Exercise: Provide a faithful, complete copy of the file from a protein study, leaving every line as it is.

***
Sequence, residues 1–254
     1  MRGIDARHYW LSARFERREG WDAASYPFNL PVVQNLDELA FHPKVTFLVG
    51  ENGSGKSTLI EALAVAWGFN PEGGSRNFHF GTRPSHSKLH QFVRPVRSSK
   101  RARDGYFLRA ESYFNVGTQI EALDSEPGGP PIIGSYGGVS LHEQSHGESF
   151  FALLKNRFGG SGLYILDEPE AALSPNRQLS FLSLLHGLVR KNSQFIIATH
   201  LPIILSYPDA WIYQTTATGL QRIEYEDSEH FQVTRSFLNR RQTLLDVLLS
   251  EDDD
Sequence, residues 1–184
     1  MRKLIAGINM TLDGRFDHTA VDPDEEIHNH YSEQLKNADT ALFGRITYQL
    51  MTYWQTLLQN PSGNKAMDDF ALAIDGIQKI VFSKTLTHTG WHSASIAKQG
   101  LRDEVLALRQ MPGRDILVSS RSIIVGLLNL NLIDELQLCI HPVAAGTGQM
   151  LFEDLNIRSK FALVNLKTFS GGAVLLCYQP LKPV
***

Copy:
Sequence, residues 1–254
     1  MRGIDARHYW LSARFERREG WDAASYPFNL PVVQNLDELA FHPKVTFLVG
    51  ENGSGKSTLI EALAVAWGFN PEGGSRNFHF GTRPSHSKLH QFVRPVRSSK
   101  RARDGYFLRA ESYFNVGTQI EALDSEPGGP PIIGSYGGVS LHEQSHGESF
   151  FALLKNRFGG SGLYILDEPE AALSPNRQLS FLSLLHGLVR KNSQFIIATH
   201  LPIILSYPDA WIYQTTATGL QRIEYEDSEH FQVTRSFLNR RQTLLDVLLS
   251  EDDD
Sequence, residues 1–184
     1  MRKLIAGINM TLDGRFDHTA VDPDEEIHNH YSEQLKNADT ALFGRITYQL
    51  MTYWQTLLQN PSGNKAMDDF ALAIDGIQKI VFSKTLTHTG WHSASIAKQG
   101  LRDEVLALRQ MPGRDILVSS RSIIVGLLNL NLIDELQLCI HPVAAGTGQM
   151  LFEDLNIRSK FALVNLKTFS GGAVLLCYQP LKPV